Scenic USA - Georgia

Dungeness Ruins

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Dungeness Ruins - Cumberland Island, Georgia

Photo by Rick George
Inset photo courtesy NPS

     Georgia's Cumberland Island, just off the southern coast, has undergone significant changes over the past 400 years. American Natives enjoyed the island's rich hunting and fishing grounds for hundreds of years before the Spanish arrived in 1566. Land was cleared, forts were built and missions were founded during Spanish occupation. By the 1700s the Spanish moved southward, and England's General James Oglethorpe arrived on Cumberland Island. Here, he erected Fort William. He also established a hunting lodge that he named Dungeness after a headland in his native land of England. During the mid 1700s southern Georgia became a military buffer hoping to protect Britain's southern colonies from a Spanish military presence in St. Augustine, Florida. Oglethorpe's troops repelled two Spanish attacks, helping to persuade Spanish commanders to withdraw to St. Augustine.
     After the American Revolution, plantation owners cleared more land, sold timber, planted crops and raised livestock. Dungeness Mansion 1958 (NPS) -  Cumberland Island, Georgia Revolutionary war hero, General Nathaniel Greene had a grand idea for his own mansion on Cumberland Island. After his death, Greene's wife carried out the plan of the new Dungeness, a large four story tabby mansion. During the Civil War, the home was destroyed by fire, but soon became the home site for Thomas M. Carnegie, brother of the famous industrialist Andrew Carnegie. The third Dungeness home, much grander than the second, was completed after Carnegie's death in 1886. The Queen Anne style mansion was built with 54 rooms, out-buildings for a staff of 200, a golf course and pool. Even though the Carnegie family owned nearly 90 percent of the island, their interest waned by 1925 and during the Depression Era the mansion fell into disrepair. After a suspicious fire in 1959 the mansion was basically destroyed. In 1972 the site was deeded over to the National Parks Service.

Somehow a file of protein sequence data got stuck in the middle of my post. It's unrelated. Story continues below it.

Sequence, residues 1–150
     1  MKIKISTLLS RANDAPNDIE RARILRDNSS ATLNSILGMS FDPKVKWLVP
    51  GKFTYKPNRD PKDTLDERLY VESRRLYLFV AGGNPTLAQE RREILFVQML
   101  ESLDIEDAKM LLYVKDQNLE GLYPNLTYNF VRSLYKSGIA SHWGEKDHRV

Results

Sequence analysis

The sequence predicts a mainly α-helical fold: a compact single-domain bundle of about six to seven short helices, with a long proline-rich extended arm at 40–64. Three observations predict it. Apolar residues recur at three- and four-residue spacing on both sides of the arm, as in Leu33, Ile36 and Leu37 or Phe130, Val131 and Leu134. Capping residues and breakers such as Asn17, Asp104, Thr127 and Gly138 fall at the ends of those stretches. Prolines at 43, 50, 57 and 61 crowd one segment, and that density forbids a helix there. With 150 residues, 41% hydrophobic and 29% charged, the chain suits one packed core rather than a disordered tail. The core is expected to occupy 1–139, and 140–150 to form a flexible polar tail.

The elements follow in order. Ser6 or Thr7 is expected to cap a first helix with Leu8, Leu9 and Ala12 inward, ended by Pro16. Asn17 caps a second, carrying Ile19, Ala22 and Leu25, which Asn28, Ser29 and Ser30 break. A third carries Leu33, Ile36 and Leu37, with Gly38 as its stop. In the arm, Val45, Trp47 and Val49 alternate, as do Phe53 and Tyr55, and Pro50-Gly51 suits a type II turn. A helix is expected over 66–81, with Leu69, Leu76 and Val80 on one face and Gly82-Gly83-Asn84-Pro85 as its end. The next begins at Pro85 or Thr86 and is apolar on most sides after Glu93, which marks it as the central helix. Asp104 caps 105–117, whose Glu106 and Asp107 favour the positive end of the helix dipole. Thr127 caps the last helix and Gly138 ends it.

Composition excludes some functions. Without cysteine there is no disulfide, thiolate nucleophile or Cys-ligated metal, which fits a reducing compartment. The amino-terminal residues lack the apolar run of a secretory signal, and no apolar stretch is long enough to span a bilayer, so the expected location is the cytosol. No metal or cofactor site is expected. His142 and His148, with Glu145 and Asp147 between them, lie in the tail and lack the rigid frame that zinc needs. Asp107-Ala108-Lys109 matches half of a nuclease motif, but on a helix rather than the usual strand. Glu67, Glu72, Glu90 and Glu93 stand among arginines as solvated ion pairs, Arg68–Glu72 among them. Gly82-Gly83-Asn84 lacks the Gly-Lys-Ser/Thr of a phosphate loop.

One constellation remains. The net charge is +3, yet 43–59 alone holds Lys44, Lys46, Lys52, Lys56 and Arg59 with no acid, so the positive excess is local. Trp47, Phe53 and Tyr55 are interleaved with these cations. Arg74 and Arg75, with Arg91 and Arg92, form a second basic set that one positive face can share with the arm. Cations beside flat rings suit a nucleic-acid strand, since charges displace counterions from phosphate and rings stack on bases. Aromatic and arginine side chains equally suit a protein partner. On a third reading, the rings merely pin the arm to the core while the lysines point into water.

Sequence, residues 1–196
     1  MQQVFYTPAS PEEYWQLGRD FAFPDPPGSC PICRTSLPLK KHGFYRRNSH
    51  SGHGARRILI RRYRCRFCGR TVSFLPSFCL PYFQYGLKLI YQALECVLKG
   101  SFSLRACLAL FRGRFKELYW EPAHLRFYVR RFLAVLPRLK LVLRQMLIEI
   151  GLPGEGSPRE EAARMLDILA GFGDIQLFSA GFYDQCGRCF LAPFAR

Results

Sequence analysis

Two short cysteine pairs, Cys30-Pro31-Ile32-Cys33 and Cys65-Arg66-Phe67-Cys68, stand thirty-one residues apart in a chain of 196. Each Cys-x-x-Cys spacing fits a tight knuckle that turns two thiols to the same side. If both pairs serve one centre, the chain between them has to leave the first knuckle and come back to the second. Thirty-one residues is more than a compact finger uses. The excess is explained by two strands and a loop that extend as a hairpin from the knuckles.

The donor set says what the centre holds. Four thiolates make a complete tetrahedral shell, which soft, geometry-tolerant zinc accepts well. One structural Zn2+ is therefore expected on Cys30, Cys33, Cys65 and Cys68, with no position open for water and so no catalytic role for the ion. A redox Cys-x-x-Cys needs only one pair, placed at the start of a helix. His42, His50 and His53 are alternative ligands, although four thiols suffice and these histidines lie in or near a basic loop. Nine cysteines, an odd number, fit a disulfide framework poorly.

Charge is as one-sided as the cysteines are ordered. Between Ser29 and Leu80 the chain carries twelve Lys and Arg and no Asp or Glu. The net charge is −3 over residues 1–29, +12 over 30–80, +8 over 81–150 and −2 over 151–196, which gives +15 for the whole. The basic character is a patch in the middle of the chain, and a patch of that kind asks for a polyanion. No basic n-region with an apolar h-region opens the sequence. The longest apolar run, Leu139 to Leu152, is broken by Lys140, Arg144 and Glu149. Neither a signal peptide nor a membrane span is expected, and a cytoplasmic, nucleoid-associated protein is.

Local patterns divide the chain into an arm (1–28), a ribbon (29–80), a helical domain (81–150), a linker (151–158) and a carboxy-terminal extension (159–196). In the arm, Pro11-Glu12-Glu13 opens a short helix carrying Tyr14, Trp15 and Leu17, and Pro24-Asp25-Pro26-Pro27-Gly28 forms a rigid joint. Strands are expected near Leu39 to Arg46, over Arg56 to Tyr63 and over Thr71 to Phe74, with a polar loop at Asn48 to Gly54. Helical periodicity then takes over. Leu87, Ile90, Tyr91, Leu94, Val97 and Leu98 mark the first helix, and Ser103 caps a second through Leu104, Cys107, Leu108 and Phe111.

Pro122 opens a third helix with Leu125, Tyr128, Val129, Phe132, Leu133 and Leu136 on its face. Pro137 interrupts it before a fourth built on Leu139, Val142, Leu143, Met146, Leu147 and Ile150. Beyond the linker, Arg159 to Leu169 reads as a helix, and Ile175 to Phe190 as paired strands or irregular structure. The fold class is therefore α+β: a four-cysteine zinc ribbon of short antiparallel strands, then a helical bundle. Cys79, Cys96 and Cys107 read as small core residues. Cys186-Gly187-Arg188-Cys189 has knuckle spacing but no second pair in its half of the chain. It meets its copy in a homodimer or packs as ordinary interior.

Today, majestic oaks and native scrub habitat have returned, offering visitors a more natural looking coastal island. The Dungeness ruins, pictured here, present a stirring site on Cumberland Island National Seashore.

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